LLC Transfer Of Ownership: Everything You Need to Know
An LLC transfer of ownership will change the percentage of ownership interest or allow you to add new members.4 min read
2. How to Transfer Ownership in an LLC
3. Transferring a Partial Interest in the LLC
4. Selling an LLC
An LLC transfer of ownership will change the percentage of ownership interest or allow you to add new members. Though typically straightforward, in some instances, changing the percentage of ownership within your limited liability company is more complicated and may even require legal counsel.
Changing the Ownership of a Limited Liability Company
Typically outlined in the LLC's operating agreement, changing ownership will require a buy-sell agreement. This is a fairly common step during the lifetime of limited liability companies. In fact, ownership may change for a number of reasons, including:
- A member no longer wants to be a part of the company
- Existing members would like to bring on a new member
- A member becomes disabled, divorced, or unexpectedly passes away
- The owner(s) wish to sell the entire company
Regardless of why you would like to change ownership, you must make these official changes in all of the organization's certificates. If not, liabilities of a leaving member could lead to serious consequences in the future.
The actual process to change ownership will depend on a number of factors. For example, do you wish to sell the whole company or change the percentage of member ownership? To begin, review your operating agreement.
How to Transfer Ownership in an LLC
Depending on how you originally organized the company, an LLC transfer of ownership can be rather easy or it can be challenging. Here are some factors that you should be aware of.
- Since LLC's are state entities, rules need to be followed on a state-to-state basis.
- To complete a transfer, understand all of the state statutes. For example, you may require unanimous consent from all members.
- You should create an operating agreement that either makes it easy or more challenging to accept new owners, transfer percentages, etc. You should also consider certain restrictions that make sense for your business.
Know that your operating agreement can be altered at a later date based on the evolving wishes of the members. If you are transferring ownership, go to the secretary of state's website to download a "Statement of Information" — which is required when the LLC's owners are near the end of that year's filing period. If owners are mid-year, download the "Amended Statement" document to update all relevant information. Once you have completed the appropriate form, all new and old members will need to sign. The form will then be submitted to the secretary of state along with all applicable fees.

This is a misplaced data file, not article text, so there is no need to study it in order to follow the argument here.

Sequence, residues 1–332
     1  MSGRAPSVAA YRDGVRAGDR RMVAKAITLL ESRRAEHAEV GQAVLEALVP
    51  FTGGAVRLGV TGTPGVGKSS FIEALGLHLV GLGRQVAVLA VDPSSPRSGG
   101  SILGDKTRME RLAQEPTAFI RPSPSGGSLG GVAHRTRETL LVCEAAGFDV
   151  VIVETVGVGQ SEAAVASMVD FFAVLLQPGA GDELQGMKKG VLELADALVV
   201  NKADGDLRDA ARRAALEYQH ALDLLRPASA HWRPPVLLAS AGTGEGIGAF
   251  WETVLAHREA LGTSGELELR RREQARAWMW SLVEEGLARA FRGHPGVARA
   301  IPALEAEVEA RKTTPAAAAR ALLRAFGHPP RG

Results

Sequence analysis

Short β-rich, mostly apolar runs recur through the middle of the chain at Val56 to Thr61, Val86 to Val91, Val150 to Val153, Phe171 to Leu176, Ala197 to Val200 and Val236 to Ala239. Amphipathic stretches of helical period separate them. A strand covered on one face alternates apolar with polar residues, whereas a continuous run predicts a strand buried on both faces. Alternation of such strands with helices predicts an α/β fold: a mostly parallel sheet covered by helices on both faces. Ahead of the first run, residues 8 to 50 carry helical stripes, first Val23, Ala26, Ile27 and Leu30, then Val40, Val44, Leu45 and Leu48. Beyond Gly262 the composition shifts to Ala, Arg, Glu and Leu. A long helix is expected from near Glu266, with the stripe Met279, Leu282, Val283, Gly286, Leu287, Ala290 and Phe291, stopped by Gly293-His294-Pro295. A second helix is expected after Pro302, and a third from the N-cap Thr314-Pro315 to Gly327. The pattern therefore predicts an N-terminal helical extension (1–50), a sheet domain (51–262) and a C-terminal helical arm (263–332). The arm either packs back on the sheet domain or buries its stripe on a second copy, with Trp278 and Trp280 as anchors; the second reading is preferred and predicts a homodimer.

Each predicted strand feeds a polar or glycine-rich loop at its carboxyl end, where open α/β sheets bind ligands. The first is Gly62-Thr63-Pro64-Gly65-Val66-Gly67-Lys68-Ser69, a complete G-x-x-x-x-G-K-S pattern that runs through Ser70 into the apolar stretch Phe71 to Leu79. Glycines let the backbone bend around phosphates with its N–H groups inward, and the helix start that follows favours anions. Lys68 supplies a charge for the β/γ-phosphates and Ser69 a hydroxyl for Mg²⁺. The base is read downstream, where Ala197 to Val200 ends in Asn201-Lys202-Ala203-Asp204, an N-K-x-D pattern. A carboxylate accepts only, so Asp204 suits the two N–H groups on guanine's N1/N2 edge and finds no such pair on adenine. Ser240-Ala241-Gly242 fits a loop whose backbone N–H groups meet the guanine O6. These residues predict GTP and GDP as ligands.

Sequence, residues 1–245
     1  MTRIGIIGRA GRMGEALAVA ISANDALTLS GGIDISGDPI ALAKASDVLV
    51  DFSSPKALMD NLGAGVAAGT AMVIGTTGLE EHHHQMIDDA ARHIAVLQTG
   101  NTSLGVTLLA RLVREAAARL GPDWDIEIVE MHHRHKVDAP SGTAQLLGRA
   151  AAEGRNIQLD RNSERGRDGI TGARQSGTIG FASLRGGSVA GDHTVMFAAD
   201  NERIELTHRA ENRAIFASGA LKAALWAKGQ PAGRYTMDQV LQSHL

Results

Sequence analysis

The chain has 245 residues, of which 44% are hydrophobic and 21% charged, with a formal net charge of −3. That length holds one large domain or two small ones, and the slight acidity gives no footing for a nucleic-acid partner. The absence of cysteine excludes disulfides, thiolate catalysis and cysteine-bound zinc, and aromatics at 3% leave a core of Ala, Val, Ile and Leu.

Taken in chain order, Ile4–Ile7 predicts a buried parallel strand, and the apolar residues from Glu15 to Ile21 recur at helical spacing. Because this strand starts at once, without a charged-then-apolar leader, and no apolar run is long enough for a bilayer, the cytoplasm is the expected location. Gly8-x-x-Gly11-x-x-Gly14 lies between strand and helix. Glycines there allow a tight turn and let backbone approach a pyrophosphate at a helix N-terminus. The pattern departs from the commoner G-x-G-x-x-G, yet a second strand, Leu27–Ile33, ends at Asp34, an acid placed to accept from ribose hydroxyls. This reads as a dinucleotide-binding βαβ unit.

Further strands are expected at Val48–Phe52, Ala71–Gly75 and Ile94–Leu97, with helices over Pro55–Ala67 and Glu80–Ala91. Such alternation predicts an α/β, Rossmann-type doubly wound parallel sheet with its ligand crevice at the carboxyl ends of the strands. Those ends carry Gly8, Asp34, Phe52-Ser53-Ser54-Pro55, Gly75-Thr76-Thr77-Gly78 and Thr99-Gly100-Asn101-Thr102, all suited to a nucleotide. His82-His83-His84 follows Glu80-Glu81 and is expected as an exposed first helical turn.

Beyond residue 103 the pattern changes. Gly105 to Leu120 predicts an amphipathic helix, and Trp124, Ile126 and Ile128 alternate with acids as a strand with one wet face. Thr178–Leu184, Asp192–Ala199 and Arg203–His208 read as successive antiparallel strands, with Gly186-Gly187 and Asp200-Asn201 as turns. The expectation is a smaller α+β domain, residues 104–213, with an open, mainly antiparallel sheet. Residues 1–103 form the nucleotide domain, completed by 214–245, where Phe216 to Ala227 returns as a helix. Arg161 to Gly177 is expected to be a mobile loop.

Transferring a Partial Interest in the LLC
In an LLC, owners are referred to as "members" and each member will own a percentage of the business. This is also known as membership interest. Whether the owner would like to alter percentages or add new members, there will need to be a transfer of membership interests. All buy-sell provisions should have been outlined in your operating agreement at the time of formation.
In some cases, LLCs will have a separate buy-sell document that outlines this agreement. Within this agreement, a method will generally be listed along with possible restrictions. This document will outline what needs to be accomplished to approve a transfer. If your LLC does not have an operating agreement or it does not include a buy-sell agreement, you should refer to the state statutes.
Selling an LLC
Your LLC's buy-sell agreement will not offer specific guidance on how to sell your company. Instead, it will list the way in which members can complete transfers among themselves and new members. When selling your LLC, you must first finder a buyer and agree on a certain price. After examining your records and books, the buyer may wish to buy all of your company or part of your company.
Although this may seem like a straightforward process selling your LLC can lead to various legal, financial, and tax-related implications. This is why it is best to consult a lawyer who has experience in this area. At first, a term sheet may be created followed by a more formal contract. This is also why operating agreements are recommended when you first form, including all buy-sell provisions. This can help the process run more smoothly when the time comes.
Changing the ownership of your LLC is a large decision, one that could significantly influence the company's long-term success. This is why you must understand the weight of each decision — as well as the requirements involved. Whether you have considered transferring a partial interest or you would like to sell 100 percent of your LLC, there is assistance available.
If you need help with an LLC transfer of ownership, you can post your legal need on UpCounsel's marketplace. UpCounsel accepts only the top 5 percent of lawyers to its site. Lawyers on UpCounsel come from law schools such as Harvard Law and Yale Law and average 14 years of legal experience, including work with or on behalf of companies like Google, Menlo Ventures, and Airbnb.